"John and Rebecca are in serious financial trouble right now. They are about three months away from being homeless. They have no income, and they have no plan. That's their biggest problem right now," says financial planner Robert Pagliarini.
Robert drops in on John and Rebecca to assess their financial situation. He tells them, "Here's the situation: You have no money. You can't pay your bills, and in a couple of months, there's not going to be a home to come home to. So what we need to do is start eliminating some of these expenses, because in the next three months, you're really in survival mode. We want to cut out as much as we possible can."
Robert recommends they prioritize their expenses. They have to have money to buy food, to pay their cell phone bill, to pay for insurance and gas for the car. He recommends they modify their mortgage or let go of their home, cut out eating at restaurants, stop shopping for clothes and shoes and cancel the home phone line and cable. Robert also recommends they take their kids out of private school, which costs them $800 a month, and put them in public school. "You can't afford it," he says.
This advice brings Rebecca to tears. "I just didn't want to pull them out before the end of the year," she says.
"What's more important: They go to the end of the year, or you stay together as a family?" Robert asks.
"It's going to be so hard," John says. "I asked them, do you mind if we move and keep you in the school, or do we stay here, and you leave the school? And they want the school."
"It's not even that it's a private school, they're just so happy there," Rebecca says. "And with just so much going on in the house, I just feel like I just wanted to get them through the end of the year so they can have something stable."
"You are going to run out of money very, very soon," Robert says. "You won't be able to make the payment to the school, and you won't be able to buy food. That's the situation that you're in. You have to take them out. You can't write another check. The money is just not there."
[AD]Dr. Phil addresses the issue of keeping their kids in private school at the cost of $800 a month. "Now, the vast majority " I don't know what the stat is " probably 99 percent of the kids go to public school, which you've already paid for," he points out. "I went to public schools my whole life. My wife went to public schools her whole life. You pay for that with your taxes. So you're paying for school twice when you don't have the money to pay for your mortgage once. But that's the harsh reality."
Rebecca stands firm and says she doesn't think she's going to pull her kids from private school.
Robert says in this recession, everyone needs to have cash on hand. Here are his five tips for building an emergency account as quickly as possible:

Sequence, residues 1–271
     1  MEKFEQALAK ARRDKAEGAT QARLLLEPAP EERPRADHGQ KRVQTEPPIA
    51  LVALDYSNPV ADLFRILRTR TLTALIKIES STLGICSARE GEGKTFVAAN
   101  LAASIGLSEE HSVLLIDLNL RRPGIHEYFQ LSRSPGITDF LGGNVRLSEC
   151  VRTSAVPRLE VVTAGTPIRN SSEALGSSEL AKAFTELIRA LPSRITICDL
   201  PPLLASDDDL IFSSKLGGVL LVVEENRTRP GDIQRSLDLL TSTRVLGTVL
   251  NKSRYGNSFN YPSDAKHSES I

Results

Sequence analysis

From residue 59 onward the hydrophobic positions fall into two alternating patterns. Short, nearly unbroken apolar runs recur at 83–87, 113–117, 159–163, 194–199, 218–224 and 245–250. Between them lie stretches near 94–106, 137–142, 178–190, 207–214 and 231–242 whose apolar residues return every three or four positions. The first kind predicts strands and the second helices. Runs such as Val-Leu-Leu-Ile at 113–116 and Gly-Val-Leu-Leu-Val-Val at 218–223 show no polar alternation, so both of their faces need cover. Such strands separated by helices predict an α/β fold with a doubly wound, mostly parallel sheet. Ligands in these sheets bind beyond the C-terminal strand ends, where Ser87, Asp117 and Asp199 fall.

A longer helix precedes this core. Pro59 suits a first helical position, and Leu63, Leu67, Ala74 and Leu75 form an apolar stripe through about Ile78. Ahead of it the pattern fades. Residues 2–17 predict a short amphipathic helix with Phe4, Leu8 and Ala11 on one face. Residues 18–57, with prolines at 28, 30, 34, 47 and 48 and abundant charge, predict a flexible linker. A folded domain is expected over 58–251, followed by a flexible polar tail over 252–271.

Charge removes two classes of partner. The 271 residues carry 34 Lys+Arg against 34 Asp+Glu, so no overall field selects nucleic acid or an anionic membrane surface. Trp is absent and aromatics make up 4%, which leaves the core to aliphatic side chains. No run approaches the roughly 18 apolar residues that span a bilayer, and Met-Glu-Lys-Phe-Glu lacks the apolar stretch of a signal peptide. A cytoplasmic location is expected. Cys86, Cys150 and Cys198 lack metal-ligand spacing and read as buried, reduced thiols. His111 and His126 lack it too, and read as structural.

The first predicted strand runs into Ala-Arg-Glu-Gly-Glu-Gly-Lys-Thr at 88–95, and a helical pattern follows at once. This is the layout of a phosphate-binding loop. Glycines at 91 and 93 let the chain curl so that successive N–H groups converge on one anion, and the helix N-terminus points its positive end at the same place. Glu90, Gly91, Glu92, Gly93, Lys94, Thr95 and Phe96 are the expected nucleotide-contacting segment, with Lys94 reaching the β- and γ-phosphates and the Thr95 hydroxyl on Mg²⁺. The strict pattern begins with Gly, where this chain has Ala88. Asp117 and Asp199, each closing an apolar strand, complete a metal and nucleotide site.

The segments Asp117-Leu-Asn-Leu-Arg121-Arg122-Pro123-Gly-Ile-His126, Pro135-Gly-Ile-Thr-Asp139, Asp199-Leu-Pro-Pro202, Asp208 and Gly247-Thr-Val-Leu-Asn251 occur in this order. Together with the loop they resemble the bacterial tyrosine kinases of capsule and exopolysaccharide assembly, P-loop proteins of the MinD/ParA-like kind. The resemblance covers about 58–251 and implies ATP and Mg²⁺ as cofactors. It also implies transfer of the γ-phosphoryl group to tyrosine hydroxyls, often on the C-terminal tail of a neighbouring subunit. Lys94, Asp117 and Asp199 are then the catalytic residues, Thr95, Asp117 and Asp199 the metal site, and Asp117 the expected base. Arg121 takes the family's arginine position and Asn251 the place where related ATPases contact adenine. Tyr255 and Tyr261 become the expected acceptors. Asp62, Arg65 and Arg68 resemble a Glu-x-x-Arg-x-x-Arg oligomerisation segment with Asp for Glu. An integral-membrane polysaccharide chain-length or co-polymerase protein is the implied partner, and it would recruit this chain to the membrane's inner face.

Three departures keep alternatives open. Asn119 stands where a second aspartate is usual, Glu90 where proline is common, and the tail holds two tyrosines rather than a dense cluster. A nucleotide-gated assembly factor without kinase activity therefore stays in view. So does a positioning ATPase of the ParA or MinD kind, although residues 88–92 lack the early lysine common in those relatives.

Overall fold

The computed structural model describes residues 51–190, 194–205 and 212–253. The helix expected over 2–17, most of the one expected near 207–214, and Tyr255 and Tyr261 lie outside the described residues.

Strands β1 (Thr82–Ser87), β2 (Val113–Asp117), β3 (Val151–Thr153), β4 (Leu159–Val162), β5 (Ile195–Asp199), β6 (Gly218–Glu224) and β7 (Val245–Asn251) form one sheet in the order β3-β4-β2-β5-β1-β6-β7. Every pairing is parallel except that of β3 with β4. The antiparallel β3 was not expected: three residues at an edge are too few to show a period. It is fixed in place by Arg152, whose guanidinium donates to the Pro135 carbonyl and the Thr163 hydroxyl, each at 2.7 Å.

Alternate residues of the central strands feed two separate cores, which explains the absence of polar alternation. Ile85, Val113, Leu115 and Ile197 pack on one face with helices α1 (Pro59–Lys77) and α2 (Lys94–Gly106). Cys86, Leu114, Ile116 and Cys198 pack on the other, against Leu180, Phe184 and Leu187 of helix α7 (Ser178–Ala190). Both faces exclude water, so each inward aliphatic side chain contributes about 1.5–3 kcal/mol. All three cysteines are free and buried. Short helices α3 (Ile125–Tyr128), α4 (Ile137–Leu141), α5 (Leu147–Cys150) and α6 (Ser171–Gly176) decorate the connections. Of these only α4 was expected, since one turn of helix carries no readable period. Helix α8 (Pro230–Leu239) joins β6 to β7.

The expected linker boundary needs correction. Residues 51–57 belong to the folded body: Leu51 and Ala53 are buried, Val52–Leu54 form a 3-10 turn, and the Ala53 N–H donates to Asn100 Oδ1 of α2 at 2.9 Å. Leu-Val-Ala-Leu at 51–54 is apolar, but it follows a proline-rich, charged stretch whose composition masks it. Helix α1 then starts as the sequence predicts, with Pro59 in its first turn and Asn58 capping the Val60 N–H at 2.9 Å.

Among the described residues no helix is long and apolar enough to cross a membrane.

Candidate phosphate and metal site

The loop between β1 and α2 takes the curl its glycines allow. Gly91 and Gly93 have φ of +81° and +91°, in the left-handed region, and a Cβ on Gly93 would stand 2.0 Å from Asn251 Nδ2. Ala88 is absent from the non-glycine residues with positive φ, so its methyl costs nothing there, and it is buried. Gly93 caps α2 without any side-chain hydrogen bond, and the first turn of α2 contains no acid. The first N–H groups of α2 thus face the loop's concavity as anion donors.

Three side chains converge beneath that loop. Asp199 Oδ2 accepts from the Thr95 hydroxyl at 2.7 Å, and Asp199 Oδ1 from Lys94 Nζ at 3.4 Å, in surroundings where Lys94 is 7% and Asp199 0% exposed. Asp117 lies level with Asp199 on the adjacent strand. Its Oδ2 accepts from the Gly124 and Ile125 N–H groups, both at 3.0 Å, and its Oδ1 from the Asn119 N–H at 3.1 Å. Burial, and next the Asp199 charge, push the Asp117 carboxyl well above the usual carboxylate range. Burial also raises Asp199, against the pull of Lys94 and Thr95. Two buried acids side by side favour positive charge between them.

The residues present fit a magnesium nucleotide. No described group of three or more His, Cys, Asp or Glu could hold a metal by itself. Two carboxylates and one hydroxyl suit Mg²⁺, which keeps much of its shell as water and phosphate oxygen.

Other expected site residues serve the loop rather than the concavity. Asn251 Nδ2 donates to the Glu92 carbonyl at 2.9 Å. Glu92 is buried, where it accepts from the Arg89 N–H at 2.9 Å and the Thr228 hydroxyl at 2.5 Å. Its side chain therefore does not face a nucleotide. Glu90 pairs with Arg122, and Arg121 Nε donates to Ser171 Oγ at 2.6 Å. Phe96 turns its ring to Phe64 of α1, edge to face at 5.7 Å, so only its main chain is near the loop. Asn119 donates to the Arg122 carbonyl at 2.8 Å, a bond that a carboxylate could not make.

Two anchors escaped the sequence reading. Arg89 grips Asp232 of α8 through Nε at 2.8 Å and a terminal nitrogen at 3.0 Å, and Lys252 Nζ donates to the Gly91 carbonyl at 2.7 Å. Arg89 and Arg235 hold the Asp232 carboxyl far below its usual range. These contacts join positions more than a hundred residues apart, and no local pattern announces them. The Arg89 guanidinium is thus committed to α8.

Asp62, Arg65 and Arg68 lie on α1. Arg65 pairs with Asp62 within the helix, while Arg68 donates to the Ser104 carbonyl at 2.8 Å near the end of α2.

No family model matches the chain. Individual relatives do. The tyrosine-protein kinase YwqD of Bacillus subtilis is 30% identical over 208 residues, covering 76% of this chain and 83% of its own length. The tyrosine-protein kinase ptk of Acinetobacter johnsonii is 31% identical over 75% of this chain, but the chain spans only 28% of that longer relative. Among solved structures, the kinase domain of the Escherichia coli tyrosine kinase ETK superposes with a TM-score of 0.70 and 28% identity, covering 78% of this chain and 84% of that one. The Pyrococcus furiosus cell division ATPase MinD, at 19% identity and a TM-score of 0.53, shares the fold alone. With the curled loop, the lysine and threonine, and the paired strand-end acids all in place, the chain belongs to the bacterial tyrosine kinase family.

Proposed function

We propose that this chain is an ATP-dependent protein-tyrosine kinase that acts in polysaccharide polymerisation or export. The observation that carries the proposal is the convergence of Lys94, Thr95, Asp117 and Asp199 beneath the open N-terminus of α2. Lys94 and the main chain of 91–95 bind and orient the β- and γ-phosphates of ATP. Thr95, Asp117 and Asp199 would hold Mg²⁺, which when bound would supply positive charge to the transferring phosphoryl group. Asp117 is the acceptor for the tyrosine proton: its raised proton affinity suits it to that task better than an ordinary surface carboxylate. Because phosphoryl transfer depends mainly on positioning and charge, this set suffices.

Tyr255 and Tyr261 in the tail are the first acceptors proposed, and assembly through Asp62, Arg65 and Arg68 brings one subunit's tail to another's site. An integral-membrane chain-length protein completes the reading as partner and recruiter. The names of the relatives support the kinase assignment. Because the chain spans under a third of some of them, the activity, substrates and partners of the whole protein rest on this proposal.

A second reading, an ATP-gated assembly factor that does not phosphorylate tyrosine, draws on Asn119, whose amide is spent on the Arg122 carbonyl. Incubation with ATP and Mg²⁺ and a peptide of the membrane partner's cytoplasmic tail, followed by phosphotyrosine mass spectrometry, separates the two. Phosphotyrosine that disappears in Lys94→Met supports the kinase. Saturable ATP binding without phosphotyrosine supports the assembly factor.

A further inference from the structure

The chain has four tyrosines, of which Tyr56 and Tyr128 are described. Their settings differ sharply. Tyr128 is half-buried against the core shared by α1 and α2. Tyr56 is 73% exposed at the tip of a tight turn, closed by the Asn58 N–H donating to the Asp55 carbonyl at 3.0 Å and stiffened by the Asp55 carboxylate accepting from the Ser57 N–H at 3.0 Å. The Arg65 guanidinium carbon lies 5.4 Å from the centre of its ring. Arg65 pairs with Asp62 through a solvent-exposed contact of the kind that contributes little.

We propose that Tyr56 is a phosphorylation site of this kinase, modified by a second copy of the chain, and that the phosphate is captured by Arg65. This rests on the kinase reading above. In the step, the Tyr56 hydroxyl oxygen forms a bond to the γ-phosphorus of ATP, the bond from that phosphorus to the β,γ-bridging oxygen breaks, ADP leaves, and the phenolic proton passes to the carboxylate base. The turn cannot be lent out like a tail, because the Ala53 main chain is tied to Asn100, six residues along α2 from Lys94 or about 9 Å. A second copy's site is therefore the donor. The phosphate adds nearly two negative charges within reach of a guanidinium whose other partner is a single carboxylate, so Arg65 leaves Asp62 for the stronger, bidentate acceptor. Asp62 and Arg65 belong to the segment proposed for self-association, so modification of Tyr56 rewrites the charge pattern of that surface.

Number one: Do not pay off credit cards. "You need as much cash on hand as possible. If you get laid off, you need to tap into that to pay the bills, to put food on the table. So, just pay the minimums on your credit cards bills, no more. Take the cash that you would have spent and put it in a savings account," he says.
"Save it for an emergency. If you get to a point where you've got to have groceries today or your kids go to bed hungry, you want to have some cash in your pocket," Dr. Phil tells John and Rebecca.
Robert's tip number two: Do not save for college. "It goes along with what you're doing with putting your kids in private school. You just can't afford it. Once we can get out of this financial mess, once you get an income, then you can start saving again. But the goal, what we're really trying to do is to have 12 months of living expenses in cash in a safe bank account," Robert says.
Robert's third tip is don't contribute to your 401(k). "It's not about saving for the future; it's about saving for right now," he says. "That money you put in your 401(k), you might not be able to access it. I want to make sure, again, you have 12 months of living expenses in cash in your pocket, in case you need it."
Tip number four is cut expenses with P-E-R-K: Postpone, Eliminate, Reduce and Keep. Robert explains, "What you do is you list all of your expenses. Next to each one you put a P, an E, an R or a K. So, those expenses you can postpone " maybe buying a new car, taking a vacation " put a P next to it. For those expenses that you can completely eliminate " we like those " put an E next to it. For those expenses that you can reduce " maybe you go out to eat three or four nights a week, if you can cut that back to once or twice, that would be a reduce. For other expenses like health insurance, mortgage, where you have to keep them, you put a K next to it."
[AD]Tip number five is to get a loan. "Ninety-nine percent of us don't have this emergency fund account to tap into, so what we can do is we can create a faux emergency fund, and that is, if you have equity in your home, you can take a home equity loan," Robert says. "Take that money out and put it into a savings account. Again, if you get laid off, you're going to need access to money, so we're trying to create a faux emergency fund here."